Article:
Keep with the programme: your running questions answered

Our expert Mary Jennings on breathing, pacing yourself and staying motivated

Mary Jennings will be answering your questions online from 9-10pm tonight. Photograph: Eric Luke

Mary Jennings will be answering your questions online from 9-10pm tonight. Photograph: Eric Luke


So we’ve just passed the halfway point in the Get Running 10km programme, and if you’re still on track, then congratulations, keep up the good work, there’s not long to go.

Our next online Q&A session with Mary Jennings takes place this evening from 9pm-10pm. You can ask a question now at; or live, at 9pm-10pm, by following the links on

In the previous online sessions, readers have touched upon a huge range of issues that have cropped up in their training but here, for the benefit of those who won’t be near their computers tonight, Mary answers the five most frequently asked questions.

Q Do you have any advice for dealing with shin splints? Things have improved since I changed my runners but I am still having some problems.

A These are guidelines that runners generally find good for dealing with shin splints:
1. Stretch the legs (particularly the calves and shin muscles);
2. Run on grass where possible;
3. Run on a flat surface: try to avoid running on surfaces that are sloped to one side, such as steeply banked pavements;
4. Combine your running with periods of walking;
5. After your run, bathe your shins in cold water. Also, try applying the ChiRunning techniques we have covered in our course videos, which are all still there to watch on the website. These will take pressure off the lower legs and relax the shins.

Q I have completed the beginners’ running programme, but don’t really feel ready for the 10km programme. Do you have a plan for just maintaining my new running habit?

A We’re currently developing a maintenance course that will be launched during the summer. This will be for people who have completed the beginners’ course and want to maintain or improve their 5km running. It should also help people who have lapsed a little and need some motivation to keep up the 5km distance.

For anyone looking towards this programme, I would suggest you maintain three runs a week: two short midweek runs (20-25 minutes, with a break in the middle if you like) and then your long (30-minute) run at the weekend. That should keep you ticking over nicely.

Also, trying a few 5km parkrun events, if you can find them in your area, should increase your motivation. See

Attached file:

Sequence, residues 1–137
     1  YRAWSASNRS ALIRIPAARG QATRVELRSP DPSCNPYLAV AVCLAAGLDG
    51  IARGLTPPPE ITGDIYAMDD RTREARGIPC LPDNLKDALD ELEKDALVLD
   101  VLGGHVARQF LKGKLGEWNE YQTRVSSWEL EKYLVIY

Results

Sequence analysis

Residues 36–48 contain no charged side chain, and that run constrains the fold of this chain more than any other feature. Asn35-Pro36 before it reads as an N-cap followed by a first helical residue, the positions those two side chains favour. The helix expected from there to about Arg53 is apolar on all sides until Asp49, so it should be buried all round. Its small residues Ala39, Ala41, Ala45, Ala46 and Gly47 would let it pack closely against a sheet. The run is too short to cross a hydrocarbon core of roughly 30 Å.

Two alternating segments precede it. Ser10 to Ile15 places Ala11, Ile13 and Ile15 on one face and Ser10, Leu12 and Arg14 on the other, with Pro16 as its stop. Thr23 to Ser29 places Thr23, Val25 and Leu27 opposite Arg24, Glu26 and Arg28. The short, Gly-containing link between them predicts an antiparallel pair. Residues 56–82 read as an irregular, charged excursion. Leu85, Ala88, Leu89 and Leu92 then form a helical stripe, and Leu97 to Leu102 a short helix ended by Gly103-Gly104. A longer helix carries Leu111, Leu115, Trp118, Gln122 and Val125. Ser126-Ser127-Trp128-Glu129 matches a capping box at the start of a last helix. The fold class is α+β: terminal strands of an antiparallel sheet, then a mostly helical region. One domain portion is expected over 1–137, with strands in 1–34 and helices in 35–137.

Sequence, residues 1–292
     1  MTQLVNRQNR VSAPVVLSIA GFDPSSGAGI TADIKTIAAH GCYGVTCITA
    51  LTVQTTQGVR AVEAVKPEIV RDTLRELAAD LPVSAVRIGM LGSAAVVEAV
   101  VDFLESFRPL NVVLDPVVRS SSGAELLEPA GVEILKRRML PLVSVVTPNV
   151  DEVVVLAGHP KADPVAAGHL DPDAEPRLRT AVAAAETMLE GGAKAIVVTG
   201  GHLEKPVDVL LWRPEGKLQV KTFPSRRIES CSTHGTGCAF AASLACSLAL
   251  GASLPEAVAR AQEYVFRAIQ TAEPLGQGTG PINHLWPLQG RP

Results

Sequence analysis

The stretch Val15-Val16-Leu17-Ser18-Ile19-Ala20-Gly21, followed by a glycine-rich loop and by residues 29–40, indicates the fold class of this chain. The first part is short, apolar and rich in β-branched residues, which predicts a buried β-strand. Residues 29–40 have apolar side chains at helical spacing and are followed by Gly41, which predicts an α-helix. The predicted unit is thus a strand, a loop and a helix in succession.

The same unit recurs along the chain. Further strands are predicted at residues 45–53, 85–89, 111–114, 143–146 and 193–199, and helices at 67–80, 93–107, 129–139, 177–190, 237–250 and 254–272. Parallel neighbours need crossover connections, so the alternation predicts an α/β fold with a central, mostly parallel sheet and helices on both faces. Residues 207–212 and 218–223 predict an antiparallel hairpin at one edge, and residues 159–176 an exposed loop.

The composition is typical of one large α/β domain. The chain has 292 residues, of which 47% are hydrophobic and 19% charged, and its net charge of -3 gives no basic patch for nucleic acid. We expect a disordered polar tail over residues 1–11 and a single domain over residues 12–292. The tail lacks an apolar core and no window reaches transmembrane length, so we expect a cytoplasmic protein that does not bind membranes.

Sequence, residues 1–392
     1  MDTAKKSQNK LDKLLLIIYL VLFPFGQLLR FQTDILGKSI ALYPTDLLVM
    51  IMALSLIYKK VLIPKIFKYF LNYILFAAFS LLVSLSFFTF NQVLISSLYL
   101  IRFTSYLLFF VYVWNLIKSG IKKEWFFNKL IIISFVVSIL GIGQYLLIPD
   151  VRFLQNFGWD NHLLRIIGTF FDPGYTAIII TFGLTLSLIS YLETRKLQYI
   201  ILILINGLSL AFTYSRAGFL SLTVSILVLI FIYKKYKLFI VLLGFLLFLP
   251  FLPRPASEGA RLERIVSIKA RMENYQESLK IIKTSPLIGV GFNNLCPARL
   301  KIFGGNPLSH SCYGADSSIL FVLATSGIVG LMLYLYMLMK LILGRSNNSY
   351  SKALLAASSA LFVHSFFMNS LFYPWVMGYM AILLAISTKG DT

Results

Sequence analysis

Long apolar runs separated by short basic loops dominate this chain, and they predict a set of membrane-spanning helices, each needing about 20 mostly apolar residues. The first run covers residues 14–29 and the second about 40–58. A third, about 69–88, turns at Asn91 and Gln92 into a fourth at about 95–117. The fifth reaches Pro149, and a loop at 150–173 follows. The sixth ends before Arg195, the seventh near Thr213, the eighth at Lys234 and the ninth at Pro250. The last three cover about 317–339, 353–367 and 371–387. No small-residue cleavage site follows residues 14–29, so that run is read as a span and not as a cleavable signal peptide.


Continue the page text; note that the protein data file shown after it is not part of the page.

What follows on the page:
Q How do you stay motivated to keep heading out for a run? I’m good from time to time but then I really struggle and do nothing for weeks on end.

A Motivation is hard for everyone, whether you are new to running or have been running for years. I use the following tricks to help me get out there on the nights when I’d rather be watching TV:
1. Arrange to meet somebody else. That way, you’ll have to go whether you want to or not.
2. Set a goal. With the original Get Running programme, to which you can sign up online at, the aim is to get to 30 minutes in eight weeks.

We provide online support to help you, and there are tips and advice in these pages every week too. Your email every Sunday is your reminder to plan your runs in advance, and it will contain motivational videos to ensure you stay on track.
3. Be accountable. Tell your friends and family you have started and ask them to chase you out the door on the days you’re not feeling inspired. Once you get out there, you’ll feel great.

Q Have you any advice regarding breathing more easi ly when running? Mine feels laboured right from the start of my run.

A One thing I really try to emphasise to everyone taking up running is the importance of managing your pace.

We spent a lot of time talking about this in the beginners’ course. I know it may seem strange to advise you to slow down, but please just try it.

If you slow even a little, it will help your body to relax. In turn, your breathing will relax and you will feel more comfortable. Run your 5km at a pace that enables you to breathe and talk comfortably.

Also, focus on the posture tips that are shown in the videos. A good posture lengthens the spine and gives you more space for air and easier breathing. In terms of the breathing itself, try to focus on exhaling more than inhaling; this should also help you to relax.

Critically, though, never feel that you have to be running at an uncomfortable pace to be a “real runner”. It is so important to feel strong and comfortable and relaxed in running. If you don’t enjoy it, you risk giving up altogether.

Q How do I get rid of a stitch in my side while running without stopping?

A Getting a stitch when you are running is terribly frustrating. The rest of you feels fine but the pain just digs into your side. I often see the problem in beginner runners but, as time goes on, it generally becomes less frequent. There are different schools of thought about stitches, but here is my theory. You need to get more air into you to relax the stitch, so focus on running tall and on your breathing.

Slow down and shake out your arms; breathe into the area of the stitch. I find if I stop and walk, the stitch comes back, so slow your pace but keep jogging, and eventually it should subside.

Email your running questions for tonight’s Q&A to get-running/ask-